LPGA Tour's Asia schedule wiped out as last two events fall to virus


Hong Kong (AFP)

The LPGA Tour has cancelled events in South Korea and Japan because of coronavirus, meaning the elite women's golf circuit has been forced to scrap all seven 2020 Asian tournaments in the latest blow to the continent's hard-hit sporting calendar.

"Given the travel restrictions and quarantine requirements" the BMW Ladies Championship from October 22-25 in Busan and the Toto Japan Classic from November 6 in Ibaraki "will not take place in 2020", said a Tour statement issued late on Tuesday.

The announcement follows the axing of next month's Buick Shanghai LPGA in China and Swinging Skirts Championships in Taiwan because of stringent anti-virus measures.

At the beginning of February, soon after the initial virus outbreak in Wuhan, the tour was forced to cancel China's Blue Bay LPGA on the southern island of Hainan, due to be played in early March.

Just 10 days later the prestigious Women's World Championship in Singapore and LPGA Thailand also fell victim as countries began to impose lockdown and quarantine measures.

The seven Asian events totalled $13 million in prize money. The LPGA Tour has been dominated by Asian players since the emergence of South Korea's former number one Pak Se-ri more than 20 years ago.

The World Championship, won last year by second-ranked Park Sung-hyun, is the most prestigious event on the US LPGA Tour outside the five majors, with the top 20 and all the previous year's major-winners among a 66-player field.

- Blank sporting year -

Unable to travel to Asia, the LPGA has added a new tournament, the Drive On Championship - Reynolds Lake Oconee, from October 22-25 in Georgia.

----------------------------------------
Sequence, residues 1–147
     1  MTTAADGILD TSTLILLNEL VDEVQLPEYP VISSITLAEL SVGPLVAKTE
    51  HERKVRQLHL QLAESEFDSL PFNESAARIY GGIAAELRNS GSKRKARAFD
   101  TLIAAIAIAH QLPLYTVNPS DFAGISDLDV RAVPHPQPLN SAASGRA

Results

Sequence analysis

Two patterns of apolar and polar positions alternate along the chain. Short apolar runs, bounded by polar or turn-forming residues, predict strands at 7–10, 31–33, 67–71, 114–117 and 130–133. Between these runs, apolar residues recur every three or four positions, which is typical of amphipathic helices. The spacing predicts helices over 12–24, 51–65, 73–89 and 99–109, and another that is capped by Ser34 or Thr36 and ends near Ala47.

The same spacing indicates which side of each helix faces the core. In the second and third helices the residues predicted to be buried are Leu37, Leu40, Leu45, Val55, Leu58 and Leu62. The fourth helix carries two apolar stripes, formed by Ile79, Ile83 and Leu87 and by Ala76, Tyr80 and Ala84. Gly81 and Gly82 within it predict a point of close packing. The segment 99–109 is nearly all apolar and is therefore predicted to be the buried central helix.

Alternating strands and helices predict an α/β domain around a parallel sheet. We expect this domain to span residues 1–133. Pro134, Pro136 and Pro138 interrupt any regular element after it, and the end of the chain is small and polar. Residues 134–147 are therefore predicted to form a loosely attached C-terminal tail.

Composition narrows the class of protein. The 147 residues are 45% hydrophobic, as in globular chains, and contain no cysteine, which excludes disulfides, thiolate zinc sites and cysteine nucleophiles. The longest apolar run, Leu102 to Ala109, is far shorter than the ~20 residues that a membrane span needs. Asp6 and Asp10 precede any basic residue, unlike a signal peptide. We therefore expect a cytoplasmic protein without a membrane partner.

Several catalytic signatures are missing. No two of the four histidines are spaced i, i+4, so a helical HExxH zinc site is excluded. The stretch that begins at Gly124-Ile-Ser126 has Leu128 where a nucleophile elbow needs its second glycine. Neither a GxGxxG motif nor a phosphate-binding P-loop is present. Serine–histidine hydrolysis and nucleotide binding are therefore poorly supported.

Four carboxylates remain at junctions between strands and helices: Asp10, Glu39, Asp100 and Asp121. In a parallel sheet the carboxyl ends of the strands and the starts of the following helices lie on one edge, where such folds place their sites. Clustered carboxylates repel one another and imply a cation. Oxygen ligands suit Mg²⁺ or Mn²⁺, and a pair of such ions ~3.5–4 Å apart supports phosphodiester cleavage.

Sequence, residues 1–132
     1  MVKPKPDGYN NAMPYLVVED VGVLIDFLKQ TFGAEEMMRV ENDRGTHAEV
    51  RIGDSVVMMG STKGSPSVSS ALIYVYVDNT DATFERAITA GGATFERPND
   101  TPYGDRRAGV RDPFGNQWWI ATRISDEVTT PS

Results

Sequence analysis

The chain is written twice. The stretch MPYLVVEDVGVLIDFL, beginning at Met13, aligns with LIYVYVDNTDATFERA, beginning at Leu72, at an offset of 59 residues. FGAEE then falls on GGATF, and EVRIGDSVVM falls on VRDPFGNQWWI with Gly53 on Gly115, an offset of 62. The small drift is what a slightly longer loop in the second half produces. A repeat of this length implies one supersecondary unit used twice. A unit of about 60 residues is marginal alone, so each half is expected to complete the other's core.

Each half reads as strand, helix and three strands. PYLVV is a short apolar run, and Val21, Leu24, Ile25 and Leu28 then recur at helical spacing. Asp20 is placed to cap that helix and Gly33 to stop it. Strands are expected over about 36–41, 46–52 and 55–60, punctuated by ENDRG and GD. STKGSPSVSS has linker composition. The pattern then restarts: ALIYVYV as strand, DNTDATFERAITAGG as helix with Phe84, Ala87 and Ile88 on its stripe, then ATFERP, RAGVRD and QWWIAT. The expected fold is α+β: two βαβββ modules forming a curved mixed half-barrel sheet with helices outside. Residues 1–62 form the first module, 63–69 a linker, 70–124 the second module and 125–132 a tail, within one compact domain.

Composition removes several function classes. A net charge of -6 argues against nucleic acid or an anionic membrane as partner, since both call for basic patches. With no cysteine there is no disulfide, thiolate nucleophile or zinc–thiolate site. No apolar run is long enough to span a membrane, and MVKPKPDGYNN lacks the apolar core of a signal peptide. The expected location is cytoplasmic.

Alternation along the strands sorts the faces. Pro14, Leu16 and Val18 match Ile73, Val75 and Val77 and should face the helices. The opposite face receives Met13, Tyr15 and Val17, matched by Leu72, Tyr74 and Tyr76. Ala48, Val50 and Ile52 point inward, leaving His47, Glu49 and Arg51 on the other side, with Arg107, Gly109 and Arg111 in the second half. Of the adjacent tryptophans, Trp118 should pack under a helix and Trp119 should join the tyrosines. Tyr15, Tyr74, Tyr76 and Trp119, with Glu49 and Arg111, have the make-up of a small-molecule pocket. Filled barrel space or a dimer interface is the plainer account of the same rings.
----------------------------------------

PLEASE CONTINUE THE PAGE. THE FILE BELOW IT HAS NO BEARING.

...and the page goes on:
"We greatly appreciate the efforts by our partners at BMW and Toto to try to host their events this season and we look forward to returning to Korea and Japan in 2021," said LPGA Commissioner Mike Whan.

The virus has laid waste to Asia's international sporting programme this year, with the ATP and WTA tennis tours cancelling all events on the continent, including the season-ending WTA Tour finals in Shenzhen.

Football's Asian Champions League East Zone has been suspended since March with the West Zone only resuming this week.

Formula One has drawn a blank in Asia this year, with races in China, Singapore and Japan and the inaugural grand prix in Vietnam all cancelled. The Asia-dominated badminton and table tennis world tours have also lost the bulk of their calendar.

Men's golf has not escaped the carnage either. The Asian Tour has been idle since the Malaysia Open on March 7 and some players in the worst affected countries such as India, haven't been able even to practise.

The Asian Tour should have been restarting last weekend at the Shinhan Donghae Open in South Korea, the first of three planned events. But that became a domestic event only and the other two tournaments, in Japan and Taiwan, were cancelled.